Note

You can download this demonstration as a Jupyter Notebook here

# Button network¶

This notebook presents an agent-based model of randomly connecting buttons. It demonstrates how to use the agentpy package to work with networks and visualize averaged time-series for discrete parameter samples.

[1]:

# Model design
import agentpy as ap
import networkx as nx
import random

# Visualization
import seaborn as sns


This model is based on the Agentbase Button model by Wybo Wiersma and the following analogy from Stuart Kauffman:

“Suppose you take 10,000 buttons and spread them out on a hardwood floor. You have a large spool of red thread. Now, what you do is you pick up a random pair of buttons and you tie them together with a piece of red thread. Put them down and pick up another random pair of buttons and tie them together with a red thread, and you just keep doing this. Every now and then lift up a button and see how many buttons you’ve lifted with your first button. A connective cluster of buttons is called a cluster or a component. When you have 10,000 buttons and only a few threads that tie them together, most of the times you’d pick up a button you’ll pick up a single button.

As the ratio of threads to buttons increases, you’re going to start to get larger clusters, three or four buttons tied together; then larger and larger clusters. At some point, you will have a number of intermediate clusters, and when you add a few more threads, you’ll have linked up the intermediate-sized clusters into one giant cluster.

So that if you plot on an axis, the ratio of threads to buttons: 10,000 buttons and no threads; 10,000 buttons and 5,000 threads; and so on, you’ll get a curve that is flat, and then all of a sudden it shoots up when you get this giant cluster. This steep curve is in fact evidence of a phase transition.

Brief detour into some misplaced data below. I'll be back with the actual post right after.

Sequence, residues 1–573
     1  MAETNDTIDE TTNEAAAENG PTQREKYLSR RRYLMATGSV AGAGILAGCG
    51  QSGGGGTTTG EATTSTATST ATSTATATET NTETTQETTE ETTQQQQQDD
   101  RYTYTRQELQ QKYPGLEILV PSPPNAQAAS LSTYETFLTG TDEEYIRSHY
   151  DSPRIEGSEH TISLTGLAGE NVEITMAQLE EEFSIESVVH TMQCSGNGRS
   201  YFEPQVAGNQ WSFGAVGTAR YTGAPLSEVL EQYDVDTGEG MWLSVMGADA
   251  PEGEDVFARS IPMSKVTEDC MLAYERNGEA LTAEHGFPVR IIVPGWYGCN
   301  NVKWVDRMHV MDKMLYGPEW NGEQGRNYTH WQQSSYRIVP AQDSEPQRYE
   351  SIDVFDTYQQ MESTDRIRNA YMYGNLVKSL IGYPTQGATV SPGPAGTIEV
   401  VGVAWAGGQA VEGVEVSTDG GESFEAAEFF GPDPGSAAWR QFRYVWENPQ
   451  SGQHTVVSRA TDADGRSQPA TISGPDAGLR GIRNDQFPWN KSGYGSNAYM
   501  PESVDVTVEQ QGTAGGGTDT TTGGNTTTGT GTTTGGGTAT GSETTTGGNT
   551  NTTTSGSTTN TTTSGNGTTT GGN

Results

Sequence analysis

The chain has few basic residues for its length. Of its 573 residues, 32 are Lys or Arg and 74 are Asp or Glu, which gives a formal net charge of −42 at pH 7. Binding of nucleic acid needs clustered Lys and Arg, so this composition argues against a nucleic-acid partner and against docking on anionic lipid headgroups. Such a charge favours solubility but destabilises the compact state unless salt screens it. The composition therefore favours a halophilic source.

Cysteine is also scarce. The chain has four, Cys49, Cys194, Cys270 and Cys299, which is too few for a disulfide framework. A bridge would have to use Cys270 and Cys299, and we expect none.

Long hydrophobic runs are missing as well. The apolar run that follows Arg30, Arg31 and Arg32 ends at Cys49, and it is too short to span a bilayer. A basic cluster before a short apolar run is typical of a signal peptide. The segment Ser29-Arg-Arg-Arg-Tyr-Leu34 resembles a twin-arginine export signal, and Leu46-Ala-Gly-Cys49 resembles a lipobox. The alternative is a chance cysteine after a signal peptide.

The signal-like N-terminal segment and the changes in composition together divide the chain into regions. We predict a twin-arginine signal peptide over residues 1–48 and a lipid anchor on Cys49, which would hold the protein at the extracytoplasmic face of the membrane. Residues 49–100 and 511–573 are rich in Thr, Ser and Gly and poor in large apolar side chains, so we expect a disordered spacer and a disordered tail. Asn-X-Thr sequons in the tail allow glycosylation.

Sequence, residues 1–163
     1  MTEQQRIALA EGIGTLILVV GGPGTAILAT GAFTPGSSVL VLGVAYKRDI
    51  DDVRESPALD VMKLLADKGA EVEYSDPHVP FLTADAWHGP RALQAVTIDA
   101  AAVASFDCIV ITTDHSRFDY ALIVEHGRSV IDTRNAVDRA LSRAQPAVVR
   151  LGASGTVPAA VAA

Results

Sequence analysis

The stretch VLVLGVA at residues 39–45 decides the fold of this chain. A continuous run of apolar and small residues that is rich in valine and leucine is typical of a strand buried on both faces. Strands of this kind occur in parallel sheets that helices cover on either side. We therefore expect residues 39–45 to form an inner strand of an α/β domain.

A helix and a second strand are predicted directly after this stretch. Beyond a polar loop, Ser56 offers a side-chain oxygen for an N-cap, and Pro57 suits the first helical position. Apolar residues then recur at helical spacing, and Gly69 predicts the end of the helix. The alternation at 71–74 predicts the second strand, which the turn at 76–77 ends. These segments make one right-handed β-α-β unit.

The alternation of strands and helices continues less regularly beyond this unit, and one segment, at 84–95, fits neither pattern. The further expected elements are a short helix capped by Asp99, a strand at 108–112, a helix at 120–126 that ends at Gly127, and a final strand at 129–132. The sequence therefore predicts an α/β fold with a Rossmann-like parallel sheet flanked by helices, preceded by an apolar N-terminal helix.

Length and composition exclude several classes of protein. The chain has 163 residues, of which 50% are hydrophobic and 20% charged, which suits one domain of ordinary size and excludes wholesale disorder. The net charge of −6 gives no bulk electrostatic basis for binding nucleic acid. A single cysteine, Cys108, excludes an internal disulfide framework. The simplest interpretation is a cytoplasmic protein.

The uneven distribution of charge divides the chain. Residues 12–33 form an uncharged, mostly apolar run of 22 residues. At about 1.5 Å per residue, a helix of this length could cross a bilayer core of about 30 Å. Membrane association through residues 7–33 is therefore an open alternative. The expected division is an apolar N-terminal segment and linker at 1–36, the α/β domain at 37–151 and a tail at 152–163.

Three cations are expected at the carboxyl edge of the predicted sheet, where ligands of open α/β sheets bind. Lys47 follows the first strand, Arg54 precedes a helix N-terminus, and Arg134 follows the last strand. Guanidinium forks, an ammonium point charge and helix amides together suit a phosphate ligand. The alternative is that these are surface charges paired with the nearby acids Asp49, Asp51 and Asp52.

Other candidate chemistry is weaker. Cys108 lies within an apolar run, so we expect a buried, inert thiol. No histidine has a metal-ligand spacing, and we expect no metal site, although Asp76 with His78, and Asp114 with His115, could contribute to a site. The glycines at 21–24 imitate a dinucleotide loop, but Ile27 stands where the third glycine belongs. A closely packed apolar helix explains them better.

If there were an infinite number of threads and an infinite number of buttons and one just tuned the ratios, this would be a step function; it would come up in a sudden jump. So it’s a phase transition like ice freezing.

Now, the image you should take away from this is if you connect enough buttons all of a sudden they all go connected. To think about the origin of life, we have to think about the same thing.”

## Model definition¶

[2]:

# Define the model

class ButtonModel(ap.Model):

def setup(self):

# Create a graph with n agents

def update(self):

# Record size of the biggest cluster
clusters = nx.connected_components(self.buttons.graph)
max_cluster_size = max([len(g) for g in clusters]) / self.p.n
self.record('max_cluster_size', max_cluster_size)

# Record threads to button ratio

def step(self):

# Create random edges based on parameters
for _ in range(int(self.p.n * self.p.speed)):


## Multi-run experiment¶

[3]:

# Define parameter ranges
parameter_ranges = {
'steps': 30,  # Number of simulation steps
'speed': 0.05,  # Speed of connections per step
'n': (100, 1000, 10000)  # Number of agents
}

# Create sample for different values of n
sample = ap.sample_discrete(parameter_ranges)

# Keep dynamic variables
exp = ap.Experiment(ButtonModel, sample, iterations=25, record=True)

# Perform 75 seperate simulations (3 parameter combinations * 25 repetitions)
results = exp.run()

Scheduled runs: 75
Completed: 75, estimated time remaining: 0:00:00
Experiment finished
Run time: 0:00:59.906876

[4]:

# Plot averaged time-series for discrete parameter samples

sns.set()
data = results.arrange_variables()
ax = sns.lineplot(data=data, x='threads_to_button', y='max_cluster_size', hue='n')